November 29, 2021

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The Trinity Of The Stock Market

Pix Source : Bloomberg

Entering the second half of another less than stellar year, FBM KLCI hit a 52 weeks low of 1502. Our local bourse has been underperforming regional peers. Year-to-date KLCI is down more than 10%. In fact, KLCI's peak in the past 1 year was 1684. It would no doubt appear that our local stock market has gone through a correction. To ensure there is no confusion, a correction is a range of 10% and a crash is more than 20% from peak level. Interestingly, through the year I have highlighted many times through the year of the importance of conserving cash and that a correction this year is highly likely. Although our stock market has been lethargic, that being said, I believe this is a matter of correction due to the three prong macroeconomics headwinds our country is facing - politics, pandemic and social issues. Our Covid-19 cases have hit a daily record of high of 11,079 as of Tuesday and the cumulative cases broke above 800k (2.5% of our population).

They always say the stock market is a near term barometer of the economy outlook. In my view, it is to a large extent a reflection of market confidence. Market confidence can be further segregated to business confidence, consumer confidence and investor confidence. With all three confidence at a demoralising level, there is no doubt that the stock market has been on a downtrend. Above and all else, it dictates the fund flow into and out of the stock market. In terms of stock market participants, there are mainly 3 buckets namely, local institutions, foreign investors and retail investors.

Based on the MIDF's latest fund flow report for the first half of 2021, local institutions and foreign investors were net sellers of Malaysia equities at RM 4.08 billion and RM 3.81 billion respectively. Retail investors is the only net buyer of the three key market participants and have been net buyers at RM 7.9 billion. What is more alarming is that foreign investors have sold RM 2.45 billion in the second quarter of 2021 alone and it is the 13th consecutive quarter of selling. The only bright side is that foreign investors have been net buyers of our local bonds to the tune of RM 7.05 billion. Otherwise, the impact to our forex is unfathomable.

Of course, foreign funds fleeing our local stock market is not a singular event unique to Malaysia as it appears that our neighbours such as Thailand and Philippines are suffering the same fate. The similarity between all three countries would be them facing Covid-19 resurgence and their government has been unable to contain the pandemic despite multiple lockdowns and measures imposed towards curtailing movements of citizens and businesses. This is clearly a manifestation of low foreign investors' confidence towards a government's mismanagement of the country and economy. Over the week, Daniel Moss of Bloomberg even wrote a scathing piece of Op-ed which went viral. The gist of which is if Malaysia regress continues on this path, it would be towards becoming a failed state. Bloomberg is also not the first news outlet to report such a negative piece. Fitch Solutions has highlighted multiple times as well on the issue of governance and economy of Malaysia.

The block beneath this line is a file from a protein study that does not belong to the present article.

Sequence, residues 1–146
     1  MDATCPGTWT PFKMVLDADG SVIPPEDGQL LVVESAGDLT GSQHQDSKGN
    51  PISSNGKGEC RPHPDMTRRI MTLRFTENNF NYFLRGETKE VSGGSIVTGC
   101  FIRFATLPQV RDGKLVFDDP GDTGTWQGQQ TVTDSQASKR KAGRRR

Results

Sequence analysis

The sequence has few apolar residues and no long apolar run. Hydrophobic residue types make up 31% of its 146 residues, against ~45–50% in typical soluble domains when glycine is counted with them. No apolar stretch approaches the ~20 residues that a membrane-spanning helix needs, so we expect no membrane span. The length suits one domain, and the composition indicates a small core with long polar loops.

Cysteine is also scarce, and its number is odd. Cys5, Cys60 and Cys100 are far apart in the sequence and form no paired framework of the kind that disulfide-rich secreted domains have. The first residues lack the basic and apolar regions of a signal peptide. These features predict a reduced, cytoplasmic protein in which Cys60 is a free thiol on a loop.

Suffice to say, it is imperative for the stock market to have at least 2 out of 3 of the key market participants as net buyers in order to trend upwards. Unless and until either one of the local institutions or foreign investors show net buying pattern, the market will remain in doldrums. At this rate, retail investors is not able to prop up the market further amidst the pandemic, repeated lockdowns and political uncertainty. They simply cannot be the sole buying force in the stock market. Otherwise it is a case of throwing good money after bad.

It is never easy to invest in a market when there are so much policy uncertainties. Even in a situation of a bad policy, investors can easily arrive at a rational decision, which is to not invest. Flip flops on the other hand affects the visibility of earnings and ordinary course of business which moves the economy. If local institution is not taking position, what more foreign investors? All that's left at the end of the day would be retail investors speculating the market hoping for a way out of their current predicament. The trinity of the stock market must maintain a healthy equilibrium and not lopsided in order for it to return to some semblance of normalcy. Retail investors ought to pay more attention to fund flow otherwise one's investment journey would be an endless series of average downs or cutting losses.


Author of "Once Upon A Time In Bursa", link to book please click HERE or MPH Bookstore

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